Catherine Smith may have one of the hardest jobs in state government.
The newly appointed commissioner of the Department of Economic and Community Development will spearhead efforts to try to reverse Connecticut's dismal job creation record of the past few decades.
That means the 58-year-old former CEO of ING U.S. Retirement Services will have to convince companies that Connecticut isn't hostile to business, a perception that has haunted the state for years.
And she's coming into the job with a true outsider's perspective, having spent no previous time in state government or in economic development.
"I'm not an academic economic development person," Smith said in a recent interview with the Hartford Business Journal. "I come at this job truly from an experiential position."
Smith said her No. 1 goal is to make Connecticut the premier state for the industries that belong here, which she said include insurance and financial services, high tech manufacturing, bio-medical, film/digital media and tourism. She also wants to encourage the growth of new startup companies, especially those based on research from the state's universities and colleges.
The best way to reverse the perception of Connecticut's business climate, Smith says, is to take uncertainty off the table and reduce energy and other costs that make it hard for businesses to compete.
DECD also needs to be much more aggressive in interacting with the private sector and better sell the state to both businesses that may want to move here and tourists, she said. That includes marketing efforts that highlight the state's strengths — its well-educated workforce, good quality of life, and proximity to New York and Boston.
Smith also wants to do a better job in promoting Connecticut as a vacation destination, and she's already contemplating a multimedia marketing campaign for the summer.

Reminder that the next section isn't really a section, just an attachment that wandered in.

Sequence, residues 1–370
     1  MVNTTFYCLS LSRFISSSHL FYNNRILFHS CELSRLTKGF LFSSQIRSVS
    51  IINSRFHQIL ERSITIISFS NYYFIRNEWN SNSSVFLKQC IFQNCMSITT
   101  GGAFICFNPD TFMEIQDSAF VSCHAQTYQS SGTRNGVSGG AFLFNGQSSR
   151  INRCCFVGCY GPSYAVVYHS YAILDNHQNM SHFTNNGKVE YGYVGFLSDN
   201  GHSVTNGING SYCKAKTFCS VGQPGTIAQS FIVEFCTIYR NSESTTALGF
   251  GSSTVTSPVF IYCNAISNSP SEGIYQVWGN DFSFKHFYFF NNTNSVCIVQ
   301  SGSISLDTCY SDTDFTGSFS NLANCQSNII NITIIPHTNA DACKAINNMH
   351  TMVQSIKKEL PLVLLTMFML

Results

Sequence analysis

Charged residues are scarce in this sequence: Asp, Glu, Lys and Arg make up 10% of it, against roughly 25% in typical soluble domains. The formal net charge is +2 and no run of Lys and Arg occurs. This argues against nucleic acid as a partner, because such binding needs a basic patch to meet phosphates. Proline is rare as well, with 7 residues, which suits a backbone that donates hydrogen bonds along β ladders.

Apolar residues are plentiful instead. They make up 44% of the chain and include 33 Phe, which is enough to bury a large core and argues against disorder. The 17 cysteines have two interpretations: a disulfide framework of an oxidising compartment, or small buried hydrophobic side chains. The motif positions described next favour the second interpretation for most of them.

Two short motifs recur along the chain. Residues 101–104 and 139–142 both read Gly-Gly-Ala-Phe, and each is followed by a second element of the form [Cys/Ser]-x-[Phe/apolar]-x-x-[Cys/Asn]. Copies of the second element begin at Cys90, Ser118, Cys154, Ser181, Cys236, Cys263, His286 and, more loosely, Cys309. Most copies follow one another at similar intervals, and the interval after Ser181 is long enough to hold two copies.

Just days into her new job, Smith has been on a listening tour, getting to know businesses around the state. That's included stops at Electric Boat in Groton and Pfizer, which announced earlier this year that it was cutting 1,100 research and development jobs in the state.
Smith said she supports Gov. Dannel P. Malloy's budget plan, saying it will have an overall "neutral," impact on the business community. She also gave high praise to Malloy's "First Five" initiative, which seeks to attract in-state and out-of-state companies willing to create 200 jobs in Connecticut over the next two to five years.
In exchange, Malloy will approve every business incentive the state has to offer without restriction. If the plan is approved by the legislature, the initiative will also give Smith the power to remove the statutory requirements on tax credits and other incentives; eliminate caps on direct state financial assistance; and override the limits on tax credit programs.
"I think this would show the rest of the country and a lot of businesses we are serious about job creation," said Smith, who noted that some companies have already expressed interest in the program.
Smith said she is supportive of tax credit and incentive programs and plans to closely review all of the ones Connecticut has on its books. She said she is not sure if she will suggest changes to anything, but her fist impression is that the state has "a lot of good tools," to attract and retain businesses.
In terms of what attracted her to state government, where she is taking a significant cut in pay, Smith says she always planned to spend some time in public service. Smith will be making $170,000 in her new role. She began her career at Aetna in 1983 and held various management positions, including chief financial officer for Aetna Financial Services. During that time Smith also worked with Malloy's chief of staff, Timothy Bannon.
Later, at ING, she served in numerous leadership positions including chief operating officer for ING U.S. Financial Services, president of health, education and government distribution, and CEO of the U.S. insurance businesses.
In 2008, Smith was named CEO of ING U.S. Retirement Services, one of the largest defined contribution plan managers in the country.
Smith said she wants to leverage her private sector experience to make her agency more lean and efficient and to create better lines of communication with other agencies that impact economic development.
If lawmakers approve, Smith will also oversee a reorganization of DECD, which will take on the Commission on Culture and Tourism and the Office of Workforce Competiveness. Smith said that plan makes sense. But making sure she and her agency are aggressive in what they do will be a chief concern early on.
"I know it can be difficult to get some things done in state government," Smith said. "But we shouldn't take 'no' for an answer."